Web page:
The aluminum lid 12 and the quartz door 16 and shield 18 are pre-treated in accordance with the cleaning process of the invention, described in greater detail hereinbelow.
The novel lid of the invention requires no screws, thereby generating fewer particles in a vacuum preclean or processing chamber; has a pre-treated surface to which particles generated during processing better adhere; does not require an RF gasket, resulting in better grounding of the lid; and no assembly or disassembly of the lid is required for cleaning or replacement. A simple replacement of the lid and the door can be effected when required, reducing the downtime of the equipment. The lid, door and shield also can be readily re-cleaned and re-treated for reuse in any suitable vacuum chamber. Aluminum parts and quartz parts are recycle-cleaned by a combination of bead blasting and chemical cleaning steps. The last step in both cases is a bead blasting step followed by ultrasonic processing in deionized water, rinsing and drying as explained further hereinbelow.
The pretreatment process of the invention comprises a bead blasting step followed by an ultrasonic cleaning step.
The bead blasting step treatment of the aluminum lid and the quartz door is suitably effected by bombarding the lid, the door and the shield using about 80 psi of pressure and aluminum oxide powder having a rather coarse grit, suitably about 36-80 grit in size. Bead blasting can be carried out in commercially available bead blasting equipment. The bead blasting powder particles must be large enough to make the aluminum surface of the lid and the quartz door and shield surfaces slightly irregular or roughened. The machined one-piece aluminum lid can withstand bead blasting with coarser grit size material because it is thicker than the prior art two-plate aluminum sheet metal lid, and thus it is more durable. The irregular surfaces, on a microscopic scale, will enhance interface crack propagation of material that may be deposited during substrate processing. The surface irregularities will result in the breaking up of the deposited films into sections that are small with respect to flake sizes, which significantly hinders flaking. In addition, the irregular or roughened surfaces have an increased surface area to which material can deposit, increasing the amount of deposited material that can be accommodated.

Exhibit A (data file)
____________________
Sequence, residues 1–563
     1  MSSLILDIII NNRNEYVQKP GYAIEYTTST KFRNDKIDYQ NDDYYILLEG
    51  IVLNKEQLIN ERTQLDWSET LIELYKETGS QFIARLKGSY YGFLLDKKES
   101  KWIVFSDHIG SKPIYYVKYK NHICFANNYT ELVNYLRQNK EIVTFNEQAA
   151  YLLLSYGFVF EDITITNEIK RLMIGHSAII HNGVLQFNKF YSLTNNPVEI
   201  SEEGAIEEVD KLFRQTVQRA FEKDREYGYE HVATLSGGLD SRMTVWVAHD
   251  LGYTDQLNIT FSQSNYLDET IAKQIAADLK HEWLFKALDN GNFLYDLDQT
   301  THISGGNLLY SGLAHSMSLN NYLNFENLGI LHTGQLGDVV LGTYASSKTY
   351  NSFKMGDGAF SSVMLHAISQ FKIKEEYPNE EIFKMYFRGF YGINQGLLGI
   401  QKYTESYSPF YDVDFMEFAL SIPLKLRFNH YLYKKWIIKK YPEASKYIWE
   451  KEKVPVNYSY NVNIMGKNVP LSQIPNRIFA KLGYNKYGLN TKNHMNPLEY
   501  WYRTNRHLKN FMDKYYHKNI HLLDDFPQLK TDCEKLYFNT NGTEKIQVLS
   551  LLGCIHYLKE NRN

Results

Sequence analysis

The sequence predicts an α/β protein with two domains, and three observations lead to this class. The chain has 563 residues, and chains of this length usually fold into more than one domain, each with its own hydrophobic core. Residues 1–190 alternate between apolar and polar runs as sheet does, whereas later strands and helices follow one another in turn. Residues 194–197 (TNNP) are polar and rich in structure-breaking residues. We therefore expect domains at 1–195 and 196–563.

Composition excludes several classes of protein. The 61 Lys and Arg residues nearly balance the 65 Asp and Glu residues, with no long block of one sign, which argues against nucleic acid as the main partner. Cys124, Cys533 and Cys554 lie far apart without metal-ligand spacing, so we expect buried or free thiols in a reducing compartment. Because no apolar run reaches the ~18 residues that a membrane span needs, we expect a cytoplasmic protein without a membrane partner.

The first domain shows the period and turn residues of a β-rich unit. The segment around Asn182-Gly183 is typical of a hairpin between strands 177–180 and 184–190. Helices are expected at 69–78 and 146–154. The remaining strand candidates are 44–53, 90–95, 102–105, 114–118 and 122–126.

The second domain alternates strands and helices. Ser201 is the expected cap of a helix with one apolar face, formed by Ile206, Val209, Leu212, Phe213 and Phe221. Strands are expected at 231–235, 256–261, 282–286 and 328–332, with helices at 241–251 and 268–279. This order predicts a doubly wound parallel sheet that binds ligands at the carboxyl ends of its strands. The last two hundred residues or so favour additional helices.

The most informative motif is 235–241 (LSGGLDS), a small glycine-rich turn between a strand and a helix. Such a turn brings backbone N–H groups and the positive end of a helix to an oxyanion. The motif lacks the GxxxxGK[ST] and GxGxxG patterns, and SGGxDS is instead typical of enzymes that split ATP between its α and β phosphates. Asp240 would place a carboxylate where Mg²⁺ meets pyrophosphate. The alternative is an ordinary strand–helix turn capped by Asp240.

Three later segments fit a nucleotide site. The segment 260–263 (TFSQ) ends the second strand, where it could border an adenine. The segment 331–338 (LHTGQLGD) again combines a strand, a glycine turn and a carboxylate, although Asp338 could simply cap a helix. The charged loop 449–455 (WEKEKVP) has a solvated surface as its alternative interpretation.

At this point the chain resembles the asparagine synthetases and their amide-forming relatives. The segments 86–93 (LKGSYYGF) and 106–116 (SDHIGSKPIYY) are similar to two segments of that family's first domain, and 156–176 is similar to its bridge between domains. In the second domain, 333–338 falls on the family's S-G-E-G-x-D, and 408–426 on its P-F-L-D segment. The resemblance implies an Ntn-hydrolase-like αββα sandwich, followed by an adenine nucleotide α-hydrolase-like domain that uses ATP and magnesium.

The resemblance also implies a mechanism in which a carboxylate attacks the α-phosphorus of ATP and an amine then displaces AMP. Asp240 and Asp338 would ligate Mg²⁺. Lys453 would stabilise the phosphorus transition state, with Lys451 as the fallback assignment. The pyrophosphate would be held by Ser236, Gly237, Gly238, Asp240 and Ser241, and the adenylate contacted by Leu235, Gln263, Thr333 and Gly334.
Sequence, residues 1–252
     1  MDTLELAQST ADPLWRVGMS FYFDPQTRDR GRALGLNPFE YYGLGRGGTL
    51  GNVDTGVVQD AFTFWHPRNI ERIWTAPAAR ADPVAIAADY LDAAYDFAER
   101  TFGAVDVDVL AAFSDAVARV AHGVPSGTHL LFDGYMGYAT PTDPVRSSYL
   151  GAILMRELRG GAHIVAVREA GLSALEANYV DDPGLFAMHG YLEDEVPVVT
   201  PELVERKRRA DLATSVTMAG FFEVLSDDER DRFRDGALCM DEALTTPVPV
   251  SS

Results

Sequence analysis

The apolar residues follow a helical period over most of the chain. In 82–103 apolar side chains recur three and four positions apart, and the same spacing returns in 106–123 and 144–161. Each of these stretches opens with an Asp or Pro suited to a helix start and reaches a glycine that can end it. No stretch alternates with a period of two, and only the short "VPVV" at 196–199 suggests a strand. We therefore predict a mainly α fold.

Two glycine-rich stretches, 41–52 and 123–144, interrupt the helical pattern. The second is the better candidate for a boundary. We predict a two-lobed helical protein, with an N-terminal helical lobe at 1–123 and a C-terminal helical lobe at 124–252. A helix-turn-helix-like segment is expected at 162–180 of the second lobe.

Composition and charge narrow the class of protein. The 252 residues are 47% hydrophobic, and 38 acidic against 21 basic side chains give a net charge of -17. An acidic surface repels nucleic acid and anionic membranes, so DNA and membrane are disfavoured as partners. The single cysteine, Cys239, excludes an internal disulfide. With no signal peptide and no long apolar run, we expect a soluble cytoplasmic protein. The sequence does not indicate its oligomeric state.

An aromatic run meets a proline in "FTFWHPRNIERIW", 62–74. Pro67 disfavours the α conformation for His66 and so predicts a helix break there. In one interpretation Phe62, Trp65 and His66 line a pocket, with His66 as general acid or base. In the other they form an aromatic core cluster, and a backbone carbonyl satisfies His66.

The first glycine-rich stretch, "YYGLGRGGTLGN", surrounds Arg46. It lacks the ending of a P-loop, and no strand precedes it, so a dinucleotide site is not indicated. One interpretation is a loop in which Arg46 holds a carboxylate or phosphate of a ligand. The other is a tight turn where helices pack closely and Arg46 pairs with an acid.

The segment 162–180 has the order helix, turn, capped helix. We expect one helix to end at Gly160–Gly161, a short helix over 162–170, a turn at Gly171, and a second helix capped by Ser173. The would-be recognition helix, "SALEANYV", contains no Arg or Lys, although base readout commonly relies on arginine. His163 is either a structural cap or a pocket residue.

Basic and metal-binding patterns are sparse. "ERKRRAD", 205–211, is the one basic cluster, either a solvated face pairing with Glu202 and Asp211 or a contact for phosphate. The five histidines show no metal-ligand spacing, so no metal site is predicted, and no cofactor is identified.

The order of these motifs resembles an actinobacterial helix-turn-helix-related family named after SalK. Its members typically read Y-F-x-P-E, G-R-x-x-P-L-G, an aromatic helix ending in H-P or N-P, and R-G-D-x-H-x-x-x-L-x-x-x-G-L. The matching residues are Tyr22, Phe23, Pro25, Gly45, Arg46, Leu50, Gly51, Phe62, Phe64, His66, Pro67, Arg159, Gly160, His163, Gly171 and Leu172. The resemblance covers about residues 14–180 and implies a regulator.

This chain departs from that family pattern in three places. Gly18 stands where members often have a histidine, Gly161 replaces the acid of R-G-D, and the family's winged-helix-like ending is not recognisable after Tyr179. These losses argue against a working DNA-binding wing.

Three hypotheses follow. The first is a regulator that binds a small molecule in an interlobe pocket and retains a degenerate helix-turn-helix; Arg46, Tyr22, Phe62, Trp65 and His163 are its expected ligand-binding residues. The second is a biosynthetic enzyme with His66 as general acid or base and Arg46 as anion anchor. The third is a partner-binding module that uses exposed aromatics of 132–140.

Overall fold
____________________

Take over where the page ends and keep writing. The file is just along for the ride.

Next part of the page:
The bead blasting step is followed by an ultrasonic cleaning step that removes all loose particles on the surfaces of the lid, door and shield, whether they are due to particles remaining from the bead blasting, or minute particles of aluminum, quartz, dust particles and the like. The lid, door and shield are first rinsed with deionized water and immersed in an ultrasonic cleaner filled with deionized water. Suitable ultrasonic cleaners are commercially available and are generally set to run at power densities of from about 35-70 Watts/gallon using a chamber containing about 10 gallons of deionized water for several minutes. As soon as the ultrasonic generator is turned on, a cloud of formerly embedded solid residue is seen to form over the bead blasted surfaces from which it originated. This cloud quickly dissipates and the solid material removed either remains in aqueous suspension or settles out. Thus, most of the activity of ultrasonic processing occurs during the initial few seconds of treatment. Treatment is usually continued for about 5 minutes however, in order to assure thorough removal of all loose solid material. The parts are then thoroughly rinsed with hot deionized water to ensure that no particles remain on the surfaces of the treated aluminum and quartz parts.